Nandina

Nandina has so much to offer in the landscape, including glorious foliage and berry color, a tough constitution and an evergreen habit. Few others possess such year-round color and versatility.

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Growing

Nandina prefers full sun but can also be grown in shadier conditions. It prefers a soil in humus-rich, moist, well-drained soil, however you’ll find it thrives even in heavy clay. Plants will grow faster if watered regularly, however established plants can tolerate extended periods of drought and neglect. Shrubs in full sun that experience some frost produce the best fall and winter color.

Tips

Use nandina in shrub borders, as a background plant and for informal hedges or screens. The dwarf varieties are also good in containers. Mass planting ensures a good quantity of the shiny, bright red berries. Do not shear; selectively hand prune to keep plants to desired size.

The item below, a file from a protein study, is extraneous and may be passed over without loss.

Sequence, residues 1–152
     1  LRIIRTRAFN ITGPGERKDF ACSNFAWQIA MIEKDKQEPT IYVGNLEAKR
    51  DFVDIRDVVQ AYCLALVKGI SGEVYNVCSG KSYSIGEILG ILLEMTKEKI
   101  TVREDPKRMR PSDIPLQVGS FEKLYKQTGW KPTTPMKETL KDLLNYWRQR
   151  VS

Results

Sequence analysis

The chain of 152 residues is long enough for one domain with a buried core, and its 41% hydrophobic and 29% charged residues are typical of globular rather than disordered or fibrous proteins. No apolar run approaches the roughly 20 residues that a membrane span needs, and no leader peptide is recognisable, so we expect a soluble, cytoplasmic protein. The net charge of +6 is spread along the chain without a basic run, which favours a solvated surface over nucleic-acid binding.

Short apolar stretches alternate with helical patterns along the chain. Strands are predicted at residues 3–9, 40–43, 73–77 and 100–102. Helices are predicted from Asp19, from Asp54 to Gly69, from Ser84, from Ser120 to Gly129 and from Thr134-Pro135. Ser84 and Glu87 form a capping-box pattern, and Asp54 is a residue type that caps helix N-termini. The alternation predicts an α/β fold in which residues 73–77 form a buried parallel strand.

Recommended

N. domestica produces clumps of thin, upright, lightly branched stems and fine, textured foliage. It grows 6–8' tall and spreads 3–5' wide, slowly proliferating by suckering. It bears large, loose clusters of small, white flowers followed by persistent, spherical fruit. Initially tinged bronze to red, the foliage becomes light to medium green in summer, with many varieties turning red to reddish purple in fall and winter. Many colorful, compact and dwarf cultivars are available including ‘Firepower,’ a dwarf selection with bright red foliage, ‘Obsession’, which offers a dwarf habit and colorful foliage and ‘Nana Purpurea,’ which produces fiery red winter foliage.

Also called: sacred bamboo, common nandina, heavenly bamboo

Features: white, late-spring to early-summer flowers; fruit; decorative foliage; tough; long-lived

Height: 18"–8'

Spread: 18"–5'

Hardiness: zones 6–9

Sidebar: The colorful berries of nandina persist through winter and attract birds, which then spread the seeds.

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